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NEW: Hermès Arceau Harnais Français Remix

Evocative craftsmanship at the forefront.

Hermès Arceau Harnais Français Remix

Classic and fuss-free, the Hermès Arceau has always been the perfect canvas for showcasing the brand’s expertise in métiers d’art. With a round case and asymmetrical stirrup-like lugs, the Arceau is a nod to Hermès’ equestrian lineage and provides an apt accompaniment to the equine-themed motif seen in the new Arceau Français Remix.

Dial of the Hermès Arceau Harnais Français Remix

The timepiece showcases a delicately hand-painted and engraved porcelain dial that, at first glance, looks like a piece of intricate embroidery. The pair of horses on the dial is based on the central element of the ‘Harnais Français Remix’ silk scarf designed by Hermès’ in-house designer in the 1940s and 1950s. Inspired by an art piece from the private collection of Émile Hermès, the design shows two horses in elaborately adorned bridles with multi-coloured feathers on the top.

Engraving the dial of the Dial of the Hermès Arceau Harnais Français Remix

The profile of the horses is first engraved on unglazed Limoges porcelain (a type of hard-paste porcelain from the Limoges region of France). Following this, various colours are painted on directly, with each successive layer baked precisely at high temperatures to intensify the pigments of each hue.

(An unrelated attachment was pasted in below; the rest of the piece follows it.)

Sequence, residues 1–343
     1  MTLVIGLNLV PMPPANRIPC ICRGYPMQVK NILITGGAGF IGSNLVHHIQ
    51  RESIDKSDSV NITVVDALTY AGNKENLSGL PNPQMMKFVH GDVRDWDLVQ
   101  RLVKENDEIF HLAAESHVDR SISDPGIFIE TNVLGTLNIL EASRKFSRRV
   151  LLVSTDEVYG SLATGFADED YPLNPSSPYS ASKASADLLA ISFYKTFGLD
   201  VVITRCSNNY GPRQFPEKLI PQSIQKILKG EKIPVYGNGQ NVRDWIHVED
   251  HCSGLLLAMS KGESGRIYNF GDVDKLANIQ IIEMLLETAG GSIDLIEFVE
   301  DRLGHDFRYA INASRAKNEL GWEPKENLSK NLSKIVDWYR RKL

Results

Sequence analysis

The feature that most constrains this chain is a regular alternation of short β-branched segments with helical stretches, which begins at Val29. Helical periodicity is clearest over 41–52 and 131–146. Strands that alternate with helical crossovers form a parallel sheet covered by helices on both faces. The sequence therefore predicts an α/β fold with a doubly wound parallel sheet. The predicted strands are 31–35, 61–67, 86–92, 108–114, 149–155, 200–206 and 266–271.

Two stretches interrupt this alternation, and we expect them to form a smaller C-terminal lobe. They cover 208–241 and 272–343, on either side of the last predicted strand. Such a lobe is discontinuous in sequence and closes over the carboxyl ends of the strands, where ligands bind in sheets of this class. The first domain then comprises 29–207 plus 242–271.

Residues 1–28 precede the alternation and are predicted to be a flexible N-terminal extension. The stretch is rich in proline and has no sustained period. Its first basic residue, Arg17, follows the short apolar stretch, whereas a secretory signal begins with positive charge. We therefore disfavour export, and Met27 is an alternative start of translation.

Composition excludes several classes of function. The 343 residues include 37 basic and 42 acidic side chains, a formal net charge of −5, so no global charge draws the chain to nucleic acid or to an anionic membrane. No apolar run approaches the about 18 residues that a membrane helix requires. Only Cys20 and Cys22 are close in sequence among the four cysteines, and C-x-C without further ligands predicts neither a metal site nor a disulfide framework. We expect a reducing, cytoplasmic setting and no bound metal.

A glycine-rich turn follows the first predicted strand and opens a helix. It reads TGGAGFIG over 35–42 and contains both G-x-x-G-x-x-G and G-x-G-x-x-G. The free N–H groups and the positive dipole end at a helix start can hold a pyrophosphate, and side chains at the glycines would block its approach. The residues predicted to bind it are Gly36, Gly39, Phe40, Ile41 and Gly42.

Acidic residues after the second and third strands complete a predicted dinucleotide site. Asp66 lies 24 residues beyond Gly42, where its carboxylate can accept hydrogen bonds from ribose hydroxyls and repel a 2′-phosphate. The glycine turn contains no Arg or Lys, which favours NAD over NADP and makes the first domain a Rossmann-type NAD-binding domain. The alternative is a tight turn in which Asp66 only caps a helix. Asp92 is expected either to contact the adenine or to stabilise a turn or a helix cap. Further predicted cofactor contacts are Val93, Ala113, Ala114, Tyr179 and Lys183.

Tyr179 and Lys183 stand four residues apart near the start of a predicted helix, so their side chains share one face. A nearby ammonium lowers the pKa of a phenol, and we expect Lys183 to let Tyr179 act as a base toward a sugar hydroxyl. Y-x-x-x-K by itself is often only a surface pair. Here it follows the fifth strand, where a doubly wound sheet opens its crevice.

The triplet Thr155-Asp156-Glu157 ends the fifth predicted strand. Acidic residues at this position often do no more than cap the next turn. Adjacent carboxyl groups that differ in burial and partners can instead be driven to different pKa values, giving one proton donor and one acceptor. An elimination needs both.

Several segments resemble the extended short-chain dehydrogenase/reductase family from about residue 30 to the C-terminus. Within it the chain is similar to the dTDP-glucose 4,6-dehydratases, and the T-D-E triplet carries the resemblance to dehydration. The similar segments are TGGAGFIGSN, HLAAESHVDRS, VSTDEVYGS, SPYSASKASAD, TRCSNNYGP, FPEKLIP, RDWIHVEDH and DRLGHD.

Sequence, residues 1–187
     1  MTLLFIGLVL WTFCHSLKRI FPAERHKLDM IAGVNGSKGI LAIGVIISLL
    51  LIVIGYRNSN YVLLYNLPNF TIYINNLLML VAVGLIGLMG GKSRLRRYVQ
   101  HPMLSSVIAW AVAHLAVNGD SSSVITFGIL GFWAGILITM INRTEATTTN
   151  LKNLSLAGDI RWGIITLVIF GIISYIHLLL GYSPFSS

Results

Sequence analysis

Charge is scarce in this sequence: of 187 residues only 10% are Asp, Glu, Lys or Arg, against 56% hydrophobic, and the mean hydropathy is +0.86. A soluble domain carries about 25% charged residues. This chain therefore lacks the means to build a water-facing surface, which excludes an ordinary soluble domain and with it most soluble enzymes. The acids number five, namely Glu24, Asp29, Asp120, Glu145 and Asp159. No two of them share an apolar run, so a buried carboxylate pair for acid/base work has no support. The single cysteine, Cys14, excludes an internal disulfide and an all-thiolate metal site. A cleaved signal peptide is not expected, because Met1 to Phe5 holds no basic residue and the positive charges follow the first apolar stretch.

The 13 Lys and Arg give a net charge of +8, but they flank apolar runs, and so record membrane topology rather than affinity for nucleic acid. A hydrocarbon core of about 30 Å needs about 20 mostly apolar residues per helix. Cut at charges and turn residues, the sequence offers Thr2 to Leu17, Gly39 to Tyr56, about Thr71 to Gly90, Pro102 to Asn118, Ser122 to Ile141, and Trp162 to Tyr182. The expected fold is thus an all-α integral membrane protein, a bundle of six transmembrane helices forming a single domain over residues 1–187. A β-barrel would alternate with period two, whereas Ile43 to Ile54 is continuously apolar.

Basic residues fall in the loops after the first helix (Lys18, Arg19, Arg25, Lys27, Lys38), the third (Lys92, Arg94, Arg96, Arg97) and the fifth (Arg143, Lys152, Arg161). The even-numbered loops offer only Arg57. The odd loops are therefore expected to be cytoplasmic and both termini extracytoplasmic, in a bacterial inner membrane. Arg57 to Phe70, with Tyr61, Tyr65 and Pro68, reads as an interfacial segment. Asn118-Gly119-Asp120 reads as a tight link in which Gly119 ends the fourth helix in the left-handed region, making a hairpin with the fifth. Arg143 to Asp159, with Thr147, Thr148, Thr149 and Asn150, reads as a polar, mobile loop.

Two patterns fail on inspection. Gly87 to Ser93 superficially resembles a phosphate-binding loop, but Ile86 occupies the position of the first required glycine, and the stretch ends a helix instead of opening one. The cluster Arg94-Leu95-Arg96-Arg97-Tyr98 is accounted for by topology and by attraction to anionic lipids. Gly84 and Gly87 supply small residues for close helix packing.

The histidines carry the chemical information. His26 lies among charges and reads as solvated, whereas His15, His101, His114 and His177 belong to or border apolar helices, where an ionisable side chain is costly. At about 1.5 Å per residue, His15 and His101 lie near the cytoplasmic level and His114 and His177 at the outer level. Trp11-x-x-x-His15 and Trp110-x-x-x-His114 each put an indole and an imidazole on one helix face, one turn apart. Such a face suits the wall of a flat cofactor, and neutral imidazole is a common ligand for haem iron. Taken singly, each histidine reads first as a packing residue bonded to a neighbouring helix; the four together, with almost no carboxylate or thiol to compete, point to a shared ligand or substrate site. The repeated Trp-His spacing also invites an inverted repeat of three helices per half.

Hermès Arceau Harnais Français Remix

Once completed, the dial is housed in a 38mm white gold case with 82 diamonds around the bezel and finished with an anti-reflective sapphire crystal on both the dial-side and caseback. Driving the watch is the in-house self-winding Calibre H1912 with a power reserve of 50 hours. A raspberry alligator strap complements the colours on the dial and completes the look. Limited to 24 numbered pieces, the Arceau Harnais Français Remix is, quite simply, a stunning work of art based on an equally impressive work of art.


Ex Managing Editor

Like most people these days, Melissa tells the time with her phone. She considers serious timepieces works of art and thinks the perpetual calendar is the handiest complication to date (pun not intended). She's also a Grammar Nazi but promises not to judge if you can't tell the difference between "guilloche" and "guillotine".

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